WordPress Brute Force Attack Protection

A ‘brute force’ login attack is a type of attack against a website to gain access to the site by guessing the username and password, over and over again. WordPress is the most popular CMS and therefore it’s a frequent target of this type of attack. The wp-login.php and xmlrpc.php pages are the most common target of brute force attack by POST method. WordPress doesn’t have any built-in protection to prevent this, hence the need for a third-party solution.

Starting with version 2.1.2, LiteSpeed Web ADC has a built-in WordPress brute force attack protection system. It will protect shared hosting WordPress environments from large-scale brute force attacks, which have the potential to bring down entire servers.

How Brute Force Protection Works

The newly introduced WordPress Protection directive is: [Throttle, Deny, Drop, Disable ]
The action is optional, and defaults to Disable. The Allowed Login Attempts can be set as value of (0|1|5-1000)

  • 0 disables WordPress Protection.
  • 1, when used by a virtual host, defers to the setting used by the server.
  • 5-1000 enables WordPress protection and also specifies the login value. (Values lower than 5 will be treated as 5, and values higher than 1000 will be treated as 1000)

The Allowed Login Attempts value specifies the maximum number of wp-login.php and xmlrpc.php login attempts allowed within 5 minutes before the IP is blocked.

This Allowed Login Attempts is handled using a quota system that works as follows:

  • The quota starts at the specified Allowed Login Attempts value.
  • Each POST attempt decreases the quota by 1
  • Once the quota reaches half of the value, the IP will be throttled, slowing more as the quota drops further.
  • When the quota reaches 0, the desired action (drop, deny, or throttle) is taken.
  • Over the course of 5 minutes without further POST attempts, the quota gradually increases back to the set Allowed Login Attempts.
  • Restarting LSADC will reset the quota back to the specified value.

Examples

  • Assume the Allowed Login Attempts is set to 10.
  • When there are more than 5 attempts within a short period of time, the IP will be throttled.
  • Once the quota reaches 0, the desired action (drop, deny, or throttle) will be taken.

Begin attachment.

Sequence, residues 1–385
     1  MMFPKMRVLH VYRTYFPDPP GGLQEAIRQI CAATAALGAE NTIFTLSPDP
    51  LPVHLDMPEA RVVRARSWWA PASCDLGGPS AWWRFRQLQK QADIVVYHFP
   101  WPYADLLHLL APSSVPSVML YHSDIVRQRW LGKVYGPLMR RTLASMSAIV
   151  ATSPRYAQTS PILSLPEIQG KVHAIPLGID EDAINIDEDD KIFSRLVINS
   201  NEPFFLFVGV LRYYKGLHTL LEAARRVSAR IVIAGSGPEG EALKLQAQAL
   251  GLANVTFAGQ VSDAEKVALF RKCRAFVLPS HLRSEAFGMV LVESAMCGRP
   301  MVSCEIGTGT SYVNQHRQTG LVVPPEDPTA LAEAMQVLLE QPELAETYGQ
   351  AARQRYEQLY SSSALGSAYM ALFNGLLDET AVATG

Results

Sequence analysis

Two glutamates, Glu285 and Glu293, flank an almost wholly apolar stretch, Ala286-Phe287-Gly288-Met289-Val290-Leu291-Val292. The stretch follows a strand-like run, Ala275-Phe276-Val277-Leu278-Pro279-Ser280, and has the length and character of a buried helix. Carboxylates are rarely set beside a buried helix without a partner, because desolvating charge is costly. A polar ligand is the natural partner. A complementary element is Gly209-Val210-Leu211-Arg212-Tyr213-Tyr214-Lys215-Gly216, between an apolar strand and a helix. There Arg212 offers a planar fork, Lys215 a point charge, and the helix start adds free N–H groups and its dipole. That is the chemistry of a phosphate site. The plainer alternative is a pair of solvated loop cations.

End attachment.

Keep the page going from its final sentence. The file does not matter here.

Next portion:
• Every 30 seconds (5 minutes divided by the value = 30 seconds), if there are no further POST attempts, the quota will increase by 1.
  • Assume the value is set to 300.
  • When there are more than 150 attempts within a short period of time, the IP will be throttled.
  • Once the quota reaches 0, the desired action (drop, deny, or throttle) will be taken.
  • After 1 second (5 minutes divided by the value = 1 second) without further POST attempts, the quota will increase by 1.

How to Enable LSADC WordPressProtect Feature from Web Console

The LSADC WordPressProtect feature is disabled by default.

You may wish to override the default settings at the server level, or virtual-host level. Before making any changes, it helps to understand the logic that drives WordPressProtect at the different levels.

Changing the settings at the Virtual-Host level configuration will override the Server-Level configuration.

  • Server Level
  • Virtual Host Level

The design logic looks like the following:

Server Level VHost Level Result
not setnot setX
5not set5
51010
Disable1010

Real Testing

Drop

This test was conducted with WordPressProtect set to drop 10. We can see the time start to increase at Round 6 and finally get a connection error at Round 10.

Round:  1
fail 0.291 status: 200
Round:  2
fail 0.256 status: 200
Round:  3
fail 0.256 status: 200
Round:  4
fail 0.279 status: 200
Round:  5
fail 0.249 status: 200
Round:  6
fail 1.275 status: 200
Round:  7
fail 2.287 status: 200
Round:  8
fail 3.267 status: 200
Round:  9
fail 4.271 status: 200
Round:  10
Erro MSG:  ('Connection aborted.', RemoteDisconnected('Remote end closed connection without response',))

Deny

This test was conducted with WordPressProtect set to deny 10. We can see the time start to increase at Round 6 and start getting permission deny 403 status code from Round 10.

Round:  1
fail 0.292 status: 200
Round:  2
fail 0.267 status: 200
Round:  3
fail 0.270 status: 200
Round:  4
fail 0.253 status: 200
Round:  5
fail 0.268 status: 200
Round:  6
fail 1.257 status: 200
Round:  7
fail 2.276 status: 200
Round:  8
fail 3.260 status: 200
Round:  9
fail 4.182 status: 200
Round:  10
fail 1.010 status: 403

Log:

Brute force detected, deny

Throttle

This test was conducted with WordPressProtect set to throttle 10. We can see the time start to increase at Round 6 and start throttling from Round 10.

Round:  1
fail 0.289 status: 200
Round:  2
fail 0.269 status: 200
Round:  3
fail 0.268 status: 200
Round:  4
fail 0.243 status: 200
Round:  5
fail 0.263 status: 200
Round:  6
fail 1.269 status: 200
Round:  7
fail 2.266 status: 200
Round:  8
fail 3.280 status: 200
Round:  9
fail 4.182 status: 200
Round:  10
fail 29.249 status: 200

Log:

Brute force detected, throttle

 
litespeed_wiki/lslb/wordpress-protection.txt · Last modified: 2017/12/22 14:10 by Lisa Clarke